Whale sharks increase swimming effort while filter feeding, but appear to maintain high foraging efficiencies

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Whale sharks (Rhincodon typus) – the largest extant fish species – reside in tropical environments, making them an exception to the general rule that animal size increases with latitude. How this largest fish thrives in tropical environments that promote high metabolism but support less robust zooplankton communities has not been sufficiently explained. We used open-source inertial measurement units (IMU) to log 397 hours of whale shark behavior in Yucatan, Mexico, at a site of both active feeding and intense wildlife tourism. Here we show that the strategies employed by whale sharks to compensate for the increased drag of an open mouth are similar to ram-feeders five orders of magnitude smaller and one order of magnitude larger. Presumed feeding constituted 20% of the total time budget of four sharks, with individual feeding bouts lasting up to 11 consecutive hrs. Compared to normal, sub-surface swimming, three sharks increased their stroke rate and amplitude while surface feeding, while one shark that fed at depth did not demonstrate a greatly increased energetic cost. Additionally, based on time-depth budgets, we estimate that aerial surveys of shark populations should consider including a correction factor of 3 to account for the proportion of daylight hours that sharks are not visible at the surface. With foraging bouts generally lasting several hours, interruptions to foraging during critical feeding periods may represent substantial energetic costs to these endangered species, and this study presents baseline data from which management decisions affecting tourist interactions with whale sharks may be made.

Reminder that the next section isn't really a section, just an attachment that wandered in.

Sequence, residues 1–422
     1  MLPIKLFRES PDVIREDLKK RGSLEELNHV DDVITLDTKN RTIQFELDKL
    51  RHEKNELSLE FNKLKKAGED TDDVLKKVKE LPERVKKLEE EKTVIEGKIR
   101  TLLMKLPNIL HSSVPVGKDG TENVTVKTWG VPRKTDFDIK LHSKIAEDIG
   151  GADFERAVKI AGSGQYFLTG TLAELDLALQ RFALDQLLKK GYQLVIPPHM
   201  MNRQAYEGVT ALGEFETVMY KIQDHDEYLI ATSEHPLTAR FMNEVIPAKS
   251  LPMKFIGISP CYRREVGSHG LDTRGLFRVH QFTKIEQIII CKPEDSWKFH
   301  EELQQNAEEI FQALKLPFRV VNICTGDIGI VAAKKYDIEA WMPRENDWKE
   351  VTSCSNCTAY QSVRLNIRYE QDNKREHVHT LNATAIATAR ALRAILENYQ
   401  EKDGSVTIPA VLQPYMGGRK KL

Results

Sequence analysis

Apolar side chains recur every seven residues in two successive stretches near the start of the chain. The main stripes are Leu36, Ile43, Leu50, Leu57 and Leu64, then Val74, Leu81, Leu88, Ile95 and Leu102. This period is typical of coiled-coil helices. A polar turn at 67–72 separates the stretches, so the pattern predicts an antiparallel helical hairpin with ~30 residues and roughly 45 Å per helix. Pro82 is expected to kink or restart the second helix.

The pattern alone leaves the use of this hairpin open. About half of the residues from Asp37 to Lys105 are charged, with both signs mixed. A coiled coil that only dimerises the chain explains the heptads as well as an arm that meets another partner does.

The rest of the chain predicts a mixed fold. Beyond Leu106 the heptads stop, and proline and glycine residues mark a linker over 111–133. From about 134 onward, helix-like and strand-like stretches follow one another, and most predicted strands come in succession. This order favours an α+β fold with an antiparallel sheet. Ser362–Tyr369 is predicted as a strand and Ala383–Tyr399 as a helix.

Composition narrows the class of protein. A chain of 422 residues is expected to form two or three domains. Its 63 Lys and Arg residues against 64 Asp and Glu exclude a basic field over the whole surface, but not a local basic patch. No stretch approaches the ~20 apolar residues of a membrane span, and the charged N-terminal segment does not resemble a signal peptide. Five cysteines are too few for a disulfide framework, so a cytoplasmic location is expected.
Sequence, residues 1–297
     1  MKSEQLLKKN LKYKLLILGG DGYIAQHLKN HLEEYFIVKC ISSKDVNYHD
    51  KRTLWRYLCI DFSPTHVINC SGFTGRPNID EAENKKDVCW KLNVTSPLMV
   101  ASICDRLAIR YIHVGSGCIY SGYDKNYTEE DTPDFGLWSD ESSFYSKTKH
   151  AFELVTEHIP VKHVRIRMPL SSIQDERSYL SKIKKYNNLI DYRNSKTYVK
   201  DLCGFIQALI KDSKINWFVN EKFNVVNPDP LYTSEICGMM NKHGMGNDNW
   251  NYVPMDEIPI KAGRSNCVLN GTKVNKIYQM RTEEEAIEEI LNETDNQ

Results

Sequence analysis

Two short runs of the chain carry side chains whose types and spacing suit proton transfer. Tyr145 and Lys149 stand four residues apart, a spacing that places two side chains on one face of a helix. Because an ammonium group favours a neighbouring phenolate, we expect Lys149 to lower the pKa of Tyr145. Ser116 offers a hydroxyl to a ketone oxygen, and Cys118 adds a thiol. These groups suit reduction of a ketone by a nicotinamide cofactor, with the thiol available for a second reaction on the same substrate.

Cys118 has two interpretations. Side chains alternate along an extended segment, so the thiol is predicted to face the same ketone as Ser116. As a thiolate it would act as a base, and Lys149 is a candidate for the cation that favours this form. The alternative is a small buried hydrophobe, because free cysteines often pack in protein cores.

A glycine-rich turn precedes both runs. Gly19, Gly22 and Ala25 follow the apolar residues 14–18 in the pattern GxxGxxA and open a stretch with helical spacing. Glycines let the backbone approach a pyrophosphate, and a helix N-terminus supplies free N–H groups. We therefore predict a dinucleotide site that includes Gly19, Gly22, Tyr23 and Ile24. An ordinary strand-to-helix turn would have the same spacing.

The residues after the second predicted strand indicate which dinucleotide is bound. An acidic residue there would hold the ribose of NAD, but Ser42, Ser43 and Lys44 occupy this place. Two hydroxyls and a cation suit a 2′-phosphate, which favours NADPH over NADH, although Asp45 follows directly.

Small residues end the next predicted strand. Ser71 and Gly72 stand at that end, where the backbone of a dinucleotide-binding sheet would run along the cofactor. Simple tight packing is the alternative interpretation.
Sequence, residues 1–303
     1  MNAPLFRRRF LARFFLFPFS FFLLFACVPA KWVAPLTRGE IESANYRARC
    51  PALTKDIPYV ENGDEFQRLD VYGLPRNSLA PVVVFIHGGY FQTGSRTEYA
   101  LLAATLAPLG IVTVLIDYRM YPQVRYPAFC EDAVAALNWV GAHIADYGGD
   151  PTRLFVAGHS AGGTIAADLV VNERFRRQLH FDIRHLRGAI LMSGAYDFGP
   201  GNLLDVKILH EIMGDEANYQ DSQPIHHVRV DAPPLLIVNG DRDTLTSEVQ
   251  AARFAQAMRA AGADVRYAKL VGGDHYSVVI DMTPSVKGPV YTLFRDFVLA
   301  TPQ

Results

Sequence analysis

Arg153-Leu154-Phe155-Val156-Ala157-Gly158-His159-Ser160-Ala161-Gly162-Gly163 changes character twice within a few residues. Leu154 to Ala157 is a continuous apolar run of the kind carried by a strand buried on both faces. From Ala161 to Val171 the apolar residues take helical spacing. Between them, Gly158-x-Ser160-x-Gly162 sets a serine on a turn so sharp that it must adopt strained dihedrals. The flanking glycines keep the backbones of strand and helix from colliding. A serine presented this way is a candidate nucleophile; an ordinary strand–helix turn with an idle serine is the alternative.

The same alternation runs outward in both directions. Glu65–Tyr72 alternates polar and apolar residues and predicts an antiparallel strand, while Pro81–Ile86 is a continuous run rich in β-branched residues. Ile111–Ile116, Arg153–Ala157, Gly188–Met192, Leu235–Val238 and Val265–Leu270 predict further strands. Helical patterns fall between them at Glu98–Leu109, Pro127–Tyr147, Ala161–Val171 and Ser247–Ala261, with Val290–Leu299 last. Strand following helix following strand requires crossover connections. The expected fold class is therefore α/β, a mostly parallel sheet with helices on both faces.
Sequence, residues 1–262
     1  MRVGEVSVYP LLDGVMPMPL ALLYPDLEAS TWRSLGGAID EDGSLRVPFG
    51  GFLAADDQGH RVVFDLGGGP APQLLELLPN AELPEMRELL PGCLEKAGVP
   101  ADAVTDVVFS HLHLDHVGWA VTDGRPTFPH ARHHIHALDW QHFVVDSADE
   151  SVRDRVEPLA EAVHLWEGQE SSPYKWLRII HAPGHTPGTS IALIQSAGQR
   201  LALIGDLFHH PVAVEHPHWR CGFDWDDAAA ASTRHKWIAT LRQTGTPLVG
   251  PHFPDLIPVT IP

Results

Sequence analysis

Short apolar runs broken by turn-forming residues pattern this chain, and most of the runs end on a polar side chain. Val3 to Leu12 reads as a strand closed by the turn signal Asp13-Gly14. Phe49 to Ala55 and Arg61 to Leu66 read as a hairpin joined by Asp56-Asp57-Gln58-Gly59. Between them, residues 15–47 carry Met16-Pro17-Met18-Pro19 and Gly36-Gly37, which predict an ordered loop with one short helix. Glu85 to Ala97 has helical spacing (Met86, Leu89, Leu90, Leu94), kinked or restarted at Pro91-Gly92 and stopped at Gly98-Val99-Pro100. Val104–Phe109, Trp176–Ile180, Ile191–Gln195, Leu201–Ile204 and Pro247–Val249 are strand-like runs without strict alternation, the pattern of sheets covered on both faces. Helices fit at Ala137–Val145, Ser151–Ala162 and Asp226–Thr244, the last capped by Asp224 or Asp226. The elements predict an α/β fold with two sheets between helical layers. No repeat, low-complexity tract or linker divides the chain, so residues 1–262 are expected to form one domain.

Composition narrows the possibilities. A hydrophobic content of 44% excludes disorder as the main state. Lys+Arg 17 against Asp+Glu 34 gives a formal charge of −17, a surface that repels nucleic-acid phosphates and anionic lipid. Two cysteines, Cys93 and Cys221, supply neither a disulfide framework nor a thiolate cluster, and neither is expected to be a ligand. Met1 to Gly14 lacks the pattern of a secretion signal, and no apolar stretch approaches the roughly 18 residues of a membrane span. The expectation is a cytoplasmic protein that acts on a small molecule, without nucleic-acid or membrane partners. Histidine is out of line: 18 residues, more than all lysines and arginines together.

Type of resource software, multimedia
Date created April 17, 2020


Author Cade, David E
Author Levenson, J. Jacob
Author Cooper, Robert
Author de la Parra, Rafael
Author Webb, D. Harry
Author Dove, Alistair M


Subject Hopkins Marine Station
Subject Whale Shark
Subject filter-feeding
Subject tail-beat kinematics
Genre Dataset

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Related Publication Cade, D. E., Levenson, J. J., Cooper, B., de la Parra, R., Webb, D. H., & Dove, A. (2020). Whale sharks increase swimming effort while filter feeding, but appear to maintain high foraging efficiencies. Journal of Experimental Biology. 223, jeb224402. doi:10.1242/jeb.224402
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Location https://purl.stanford.edu/dp151fd3984

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Cade, David E and Levenson, J. Jacob and Cooper, Robert and de la Parra, Rafael and Webb, D. Harry and Dove, Alistair M. (2020). Whale sharks increase swimming effort while filter feeding, but appear to maintain high foraging efficiencies. Stanford Digital Repository. Available at: https://purl.stanford.edu/dp151fd3984


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